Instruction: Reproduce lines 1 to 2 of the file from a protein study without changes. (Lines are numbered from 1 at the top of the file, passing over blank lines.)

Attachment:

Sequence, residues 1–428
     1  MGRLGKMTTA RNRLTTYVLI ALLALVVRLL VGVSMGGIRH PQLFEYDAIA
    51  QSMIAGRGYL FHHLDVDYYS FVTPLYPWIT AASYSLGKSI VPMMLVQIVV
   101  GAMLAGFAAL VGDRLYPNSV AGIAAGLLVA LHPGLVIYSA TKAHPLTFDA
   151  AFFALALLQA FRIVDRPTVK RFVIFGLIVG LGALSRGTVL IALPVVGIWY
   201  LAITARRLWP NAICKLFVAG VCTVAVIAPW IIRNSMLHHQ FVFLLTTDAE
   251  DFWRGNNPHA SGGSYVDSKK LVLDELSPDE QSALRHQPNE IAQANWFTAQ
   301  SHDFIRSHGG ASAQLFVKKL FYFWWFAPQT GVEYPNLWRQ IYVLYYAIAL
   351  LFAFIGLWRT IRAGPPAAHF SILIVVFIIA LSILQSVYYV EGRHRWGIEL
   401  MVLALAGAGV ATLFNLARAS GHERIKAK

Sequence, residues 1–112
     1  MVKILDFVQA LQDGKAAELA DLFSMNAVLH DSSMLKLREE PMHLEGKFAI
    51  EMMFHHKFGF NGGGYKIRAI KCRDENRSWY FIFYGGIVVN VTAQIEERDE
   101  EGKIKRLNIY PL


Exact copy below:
Sequence, residues 1–428
     1  MGRLGKMTTA RNRLTTYVLI ALLALVVRLL VGVSMGGIRH PQLFEYDAIA